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A Guide to Computer Hardware

Written on July 31, 2006 by Richard Millard

Sound Card

If you read the Video Card section, then this Sound Card section might give you a sense of déjà Vu. The sound card does exactly the same sort of stuff.

The sound card prepares an audio source to be sent to your speakers, headphone, or other audio device. It takes the audio processing load off of your CPU, and does all the hard work. It has special features built in which make it much more efficient at this sort of work.

For a majority of users, the most basic sound card is sufficient for everything they do. High quality motherboards even include a basic on-board audio card, giving you all the basic features of a sound card without needing to purchase one.

Higher end sound cards will include support for surround sound, better audio quality, faster compression when recording, and a wider array of inputs and outputs. High end sound cards are typically associated with sound recording, surround sound home theater, or video gaming.

Typically, a sound card has 3 ports:

Line Out - Lime green, this jack connects to your speakers or headphones.
Line In - Light blue, this jack is for input.
Microphone - This pink jack connects to a microphone.

A higher end sound card might provide you with many more ports. Some will give you additional Line Out ports, offering up to 8.1 surround sound and more. High-end sound cards will even have S/PDIF Digital output or Optical outputs for high-quality data transmission to a receiver or other digital audio device.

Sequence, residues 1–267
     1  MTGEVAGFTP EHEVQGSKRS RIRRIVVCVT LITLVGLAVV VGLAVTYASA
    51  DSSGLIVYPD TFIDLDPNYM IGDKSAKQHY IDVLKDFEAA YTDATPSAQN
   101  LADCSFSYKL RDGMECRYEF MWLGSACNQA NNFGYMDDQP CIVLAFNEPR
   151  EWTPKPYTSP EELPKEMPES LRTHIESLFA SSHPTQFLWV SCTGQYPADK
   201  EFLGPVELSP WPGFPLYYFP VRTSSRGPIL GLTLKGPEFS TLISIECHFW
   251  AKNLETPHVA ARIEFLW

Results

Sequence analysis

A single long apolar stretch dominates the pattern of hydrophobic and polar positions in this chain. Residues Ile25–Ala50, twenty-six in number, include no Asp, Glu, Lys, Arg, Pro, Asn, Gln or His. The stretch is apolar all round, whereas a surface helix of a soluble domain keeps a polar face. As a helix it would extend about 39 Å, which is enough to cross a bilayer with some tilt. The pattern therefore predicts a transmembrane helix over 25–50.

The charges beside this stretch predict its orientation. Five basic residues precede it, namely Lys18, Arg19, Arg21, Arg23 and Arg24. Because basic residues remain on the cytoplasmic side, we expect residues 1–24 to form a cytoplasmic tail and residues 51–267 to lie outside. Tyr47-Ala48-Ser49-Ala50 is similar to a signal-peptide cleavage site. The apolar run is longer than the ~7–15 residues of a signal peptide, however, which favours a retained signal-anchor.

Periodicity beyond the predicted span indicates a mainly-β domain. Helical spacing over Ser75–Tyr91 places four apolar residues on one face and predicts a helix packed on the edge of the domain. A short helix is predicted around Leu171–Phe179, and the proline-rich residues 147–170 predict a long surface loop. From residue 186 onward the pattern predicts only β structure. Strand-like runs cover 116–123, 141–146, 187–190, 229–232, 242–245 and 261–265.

The sound card also has a sound chip, which is a digital-to-analog converter, used to record audio and convert it to a digital file on your computer. Newer and faster models of sound cards have better sound chips. Most users do very little audio recording on their computer, and so a high-end sound card is not a high priority for them.

Two easy questions can diagnose your sound card needs.

  • "Do you plan on doing any audio recording with your PC?"
  • "Do you want surround sound output?"

If you answered "No" to both these questions, you don't need a fancy sound card. Check your motherboard, many of them include a very basic sound card. If so, you're probably all set. Don't forget, a sound card is something that's fairly easy to upgrade should you suddenly need a better one.

With the integration of sound cards into most modern motherboards, I think that most people don't need a dedicated sound card.

That said, if you're into gaming, or want to set up your computer as a Media Center for watching movies, a great sound card is a very important investment.

Really, to the consumer, it always comes down to the question "What does it mean to me?" In most cases, the difference between a basic level sound card, and an expensive $300 sound card is minimal. Only a true audiophile will notice the difference in audio quality. The biggest concern should be the inputs, outputs and features of a given sound card.

If you already have speakers, you should have a good idea of what sort of inputs you need (5.1 surround, 8.1 surround, etc.). If you're ordering new speakers with your system, just check and make sure your sound card has the proper outputs to connect to your new speakers.

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